When I transitioned from roller skiing to skiing on snow in October, things started to act up a bit with my back but it seemed I was always able to keep it from getting too bad through physio.  The race season went ahead as planned, but by the end of the third race at the World Cup opener in Sweden I was running into problems again. I was in a lot of pain and this time symptoms were progressing to my left leg.  By the time we arrived in Austria for World Cup #2 things were to the point where I was having trouble walking.  I was planning to pack it in and fly home, but after a few days of taking it easy things started to settle to the point where I was able to ski again without too much problem.  I survived the next two World Cups of racing on a rollercoaster of ups and downs – some days I raced in pain, some races my left leg felt fatigued, others I felt not too bad.  With the combination of physio, the majority of my spare time spent lying on ice, and daily massage treatments consisting of painfully deep pressure point release, I somehow made it through.  I was happy when it was finally time to fly back to Canada for Christmas.  I was mentally and physically exhausted from dealing with this injury and finally I was given a small window of opportunity to sort things out.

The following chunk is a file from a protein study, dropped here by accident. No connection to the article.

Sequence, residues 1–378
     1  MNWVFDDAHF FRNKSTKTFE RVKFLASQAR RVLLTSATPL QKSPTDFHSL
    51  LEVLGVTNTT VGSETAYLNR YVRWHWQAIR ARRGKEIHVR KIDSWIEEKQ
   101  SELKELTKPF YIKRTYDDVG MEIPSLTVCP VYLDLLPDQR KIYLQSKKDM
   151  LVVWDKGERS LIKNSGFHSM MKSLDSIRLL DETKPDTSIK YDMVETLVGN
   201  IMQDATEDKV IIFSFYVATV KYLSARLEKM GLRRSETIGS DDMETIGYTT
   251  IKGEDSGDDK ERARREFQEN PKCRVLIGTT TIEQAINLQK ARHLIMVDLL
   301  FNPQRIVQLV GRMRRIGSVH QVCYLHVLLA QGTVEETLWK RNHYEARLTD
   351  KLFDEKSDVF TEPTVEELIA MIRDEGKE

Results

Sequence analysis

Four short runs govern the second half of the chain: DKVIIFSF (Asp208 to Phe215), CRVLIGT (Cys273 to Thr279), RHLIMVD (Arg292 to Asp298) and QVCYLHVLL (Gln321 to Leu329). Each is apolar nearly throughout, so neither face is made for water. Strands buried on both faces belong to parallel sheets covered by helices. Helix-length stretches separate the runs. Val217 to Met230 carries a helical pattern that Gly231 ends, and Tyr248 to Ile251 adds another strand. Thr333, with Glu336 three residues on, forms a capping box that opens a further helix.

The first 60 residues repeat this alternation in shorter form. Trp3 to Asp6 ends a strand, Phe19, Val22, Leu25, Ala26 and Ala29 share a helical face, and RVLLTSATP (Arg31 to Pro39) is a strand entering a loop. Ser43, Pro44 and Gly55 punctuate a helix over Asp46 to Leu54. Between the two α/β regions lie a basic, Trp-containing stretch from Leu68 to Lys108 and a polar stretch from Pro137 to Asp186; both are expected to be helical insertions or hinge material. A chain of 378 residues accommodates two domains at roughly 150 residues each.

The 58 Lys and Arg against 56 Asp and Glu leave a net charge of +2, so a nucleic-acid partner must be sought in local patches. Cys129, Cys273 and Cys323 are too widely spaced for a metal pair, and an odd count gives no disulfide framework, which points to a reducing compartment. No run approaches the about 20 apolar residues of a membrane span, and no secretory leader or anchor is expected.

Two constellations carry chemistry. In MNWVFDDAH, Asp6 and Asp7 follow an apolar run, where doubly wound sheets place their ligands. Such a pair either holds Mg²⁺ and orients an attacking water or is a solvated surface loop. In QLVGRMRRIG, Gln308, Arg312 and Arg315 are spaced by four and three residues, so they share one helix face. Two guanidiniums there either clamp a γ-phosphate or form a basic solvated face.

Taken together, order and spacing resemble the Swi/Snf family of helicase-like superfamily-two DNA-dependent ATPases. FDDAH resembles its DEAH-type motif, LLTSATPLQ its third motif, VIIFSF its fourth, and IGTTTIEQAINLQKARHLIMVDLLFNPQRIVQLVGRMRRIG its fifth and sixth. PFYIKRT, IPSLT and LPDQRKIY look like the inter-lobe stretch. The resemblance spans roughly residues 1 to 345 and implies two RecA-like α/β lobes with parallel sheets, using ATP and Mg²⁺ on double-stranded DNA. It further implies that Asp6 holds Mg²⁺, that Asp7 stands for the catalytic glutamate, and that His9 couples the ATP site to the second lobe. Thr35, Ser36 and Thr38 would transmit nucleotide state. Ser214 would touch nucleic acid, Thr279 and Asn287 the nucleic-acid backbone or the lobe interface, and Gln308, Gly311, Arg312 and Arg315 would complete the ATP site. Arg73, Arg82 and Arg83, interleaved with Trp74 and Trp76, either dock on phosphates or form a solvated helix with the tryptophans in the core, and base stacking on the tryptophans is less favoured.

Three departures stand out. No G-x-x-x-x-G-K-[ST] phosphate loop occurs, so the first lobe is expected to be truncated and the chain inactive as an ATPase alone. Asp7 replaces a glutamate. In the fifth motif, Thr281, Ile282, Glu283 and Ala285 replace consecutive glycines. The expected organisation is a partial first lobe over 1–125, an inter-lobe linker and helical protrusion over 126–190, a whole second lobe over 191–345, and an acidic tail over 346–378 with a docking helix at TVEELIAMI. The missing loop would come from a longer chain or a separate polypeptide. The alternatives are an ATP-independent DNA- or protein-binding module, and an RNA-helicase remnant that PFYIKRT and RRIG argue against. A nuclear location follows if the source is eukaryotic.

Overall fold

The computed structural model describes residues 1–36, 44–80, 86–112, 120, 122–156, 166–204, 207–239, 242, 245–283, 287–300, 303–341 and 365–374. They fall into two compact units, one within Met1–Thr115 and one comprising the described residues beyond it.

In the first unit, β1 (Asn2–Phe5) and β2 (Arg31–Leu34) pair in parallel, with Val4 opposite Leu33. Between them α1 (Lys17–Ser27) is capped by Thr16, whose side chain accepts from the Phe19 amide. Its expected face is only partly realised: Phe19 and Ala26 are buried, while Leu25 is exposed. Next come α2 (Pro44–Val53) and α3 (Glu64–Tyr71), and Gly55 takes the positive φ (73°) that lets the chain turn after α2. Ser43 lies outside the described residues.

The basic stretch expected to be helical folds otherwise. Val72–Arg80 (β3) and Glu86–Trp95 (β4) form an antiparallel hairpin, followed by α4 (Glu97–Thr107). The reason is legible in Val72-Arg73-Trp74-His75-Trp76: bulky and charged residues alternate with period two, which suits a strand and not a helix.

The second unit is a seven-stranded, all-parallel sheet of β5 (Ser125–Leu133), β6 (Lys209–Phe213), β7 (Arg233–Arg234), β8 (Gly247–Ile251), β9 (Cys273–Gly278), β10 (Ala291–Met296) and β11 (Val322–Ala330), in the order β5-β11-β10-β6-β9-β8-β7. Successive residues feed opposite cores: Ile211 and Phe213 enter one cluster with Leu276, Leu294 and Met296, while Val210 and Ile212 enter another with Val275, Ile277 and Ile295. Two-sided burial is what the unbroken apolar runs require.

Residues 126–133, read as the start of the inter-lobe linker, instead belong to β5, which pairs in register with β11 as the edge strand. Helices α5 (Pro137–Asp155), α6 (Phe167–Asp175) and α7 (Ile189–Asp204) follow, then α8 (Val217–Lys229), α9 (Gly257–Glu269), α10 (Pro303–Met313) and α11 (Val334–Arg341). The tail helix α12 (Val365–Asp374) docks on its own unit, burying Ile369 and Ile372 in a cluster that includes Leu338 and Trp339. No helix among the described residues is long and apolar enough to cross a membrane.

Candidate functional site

Over Christmas my time was spent on highly focused rehab sessions, and when it was time to cross the pond again two weeks later I felt as though I had things more under control.  Or at least I thought so.  The next two World Cups went more according to plan, I was not racing in pain and although I felt some discomfort by the third race at each World Cup, I was always able to recover fairly well in time for the next World Cup.